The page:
Fred. Olsen Cruise Lines
Fred. Olsen Cruise Lines Highlights
- Traditional British-style cruising
- Friendly atmosphere and efficient service
- Departing from several UK ports to worldwide destinations
- Small- to medium-sized ships able to dock in smaller ports
- Fred. Olsen News: Fred. Olsen Cruise Lines Announces First River Cruise Programme, Debuting April 2018
Fred. Olsen Cruise Lines Fleet (4)
Black Watch entered service in 1972 and was operated by Royal Viking Line before being acquired by Fred. Olsen in 1996 and refitted in 2009 (tonnage: 28,613, passengers: 804).
Boudicca entered service in 1973, was operated by Royal Viking Line, stretched in 1982 by adding a 91-foot mid-section, and acquired by Fred. Olsen in 2005. It was refitted in 2011 (tonnage: 28,388, passengers 880).
Braemar entered service in 1993 as Crown Dynasty, was acquired and refurbished by Fred. Olsen in 2001 (stretched by 102 feet) and refitted in 2008 (tonnage: 24,344, passengers: 929).
Fred. Olsen Cruise Line's ships are relatively small, and they look like traditional cruise ships, rather than floating hotels. Drinks remain affordable; passengers still change for dinner (into black tie on formal nights) and the highlight of each evening is a five-course meal, which will be of decent quality and pleasantly served by friendly Filipino staff.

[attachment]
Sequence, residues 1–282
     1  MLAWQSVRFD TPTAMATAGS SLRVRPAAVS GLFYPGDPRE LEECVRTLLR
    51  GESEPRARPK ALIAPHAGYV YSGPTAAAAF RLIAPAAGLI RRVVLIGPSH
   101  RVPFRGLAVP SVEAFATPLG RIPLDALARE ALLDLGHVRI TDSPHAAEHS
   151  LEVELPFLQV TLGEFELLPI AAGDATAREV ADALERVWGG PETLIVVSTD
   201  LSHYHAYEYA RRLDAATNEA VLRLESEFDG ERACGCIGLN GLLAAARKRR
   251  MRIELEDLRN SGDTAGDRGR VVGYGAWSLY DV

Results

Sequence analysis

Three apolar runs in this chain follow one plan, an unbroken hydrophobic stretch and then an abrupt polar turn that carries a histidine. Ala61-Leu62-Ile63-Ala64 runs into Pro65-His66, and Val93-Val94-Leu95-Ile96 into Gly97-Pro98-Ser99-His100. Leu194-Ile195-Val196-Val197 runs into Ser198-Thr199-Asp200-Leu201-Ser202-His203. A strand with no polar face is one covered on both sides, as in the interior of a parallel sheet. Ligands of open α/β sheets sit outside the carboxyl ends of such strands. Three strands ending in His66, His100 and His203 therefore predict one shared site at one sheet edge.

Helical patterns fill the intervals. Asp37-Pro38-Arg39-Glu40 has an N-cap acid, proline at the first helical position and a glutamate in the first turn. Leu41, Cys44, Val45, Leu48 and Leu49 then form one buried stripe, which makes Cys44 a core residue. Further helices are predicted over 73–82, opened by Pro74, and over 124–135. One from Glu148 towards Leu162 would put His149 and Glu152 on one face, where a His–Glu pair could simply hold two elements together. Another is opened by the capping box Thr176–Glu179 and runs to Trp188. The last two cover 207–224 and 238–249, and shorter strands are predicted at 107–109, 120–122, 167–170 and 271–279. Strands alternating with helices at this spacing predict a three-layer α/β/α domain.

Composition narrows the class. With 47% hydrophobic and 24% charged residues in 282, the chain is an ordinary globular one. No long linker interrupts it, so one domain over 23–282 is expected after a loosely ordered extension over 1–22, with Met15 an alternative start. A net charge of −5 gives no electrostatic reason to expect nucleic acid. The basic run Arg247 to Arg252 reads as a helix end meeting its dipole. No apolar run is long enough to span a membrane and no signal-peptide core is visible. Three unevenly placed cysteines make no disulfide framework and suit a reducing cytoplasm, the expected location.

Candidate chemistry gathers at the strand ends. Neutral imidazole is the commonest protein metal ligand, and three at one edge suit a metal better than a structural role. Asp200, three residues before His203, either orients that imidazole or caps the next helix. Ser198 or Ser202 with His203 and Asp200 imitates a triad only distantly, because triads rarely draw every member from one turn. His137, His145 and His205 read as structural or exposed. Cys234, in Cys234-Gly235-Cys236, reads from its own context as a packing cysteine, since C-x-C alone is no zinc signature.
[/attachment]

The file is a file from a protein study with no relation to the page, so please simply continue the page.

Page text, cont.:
The atmosphere is friendly, the service is efficient but unobtrusive, and the decor is familiar and relaxing, with ample seating in the public rooms.
On sea days, passengers bask on deck and watch the world go by over a good book from the ship's library, or participate in a rather good Vistas special interest program, which offers classes in a range of subjects from gardening to wine appreciation, history to wildlife watching and painting classes.
In a nutshell, passengers in search of around the clock action need not apply. These ships will suit lovers of old-style cruising, who enjoy peace, quiet and the gentle art of conversation.
During school holiday time, it's not unusual to find several generations of families all cruising together; groups of friends who first met on an Olsen cruise and make an annual date for a reunion are also a common sight.
The line has recently begun marketing some ships and some trips to North American passengers; Balmoral and Braemar, especially, have been tweaked to appeal to both sensibilities though the line has not lost its inherent Britishness in its effort to appeal more widely.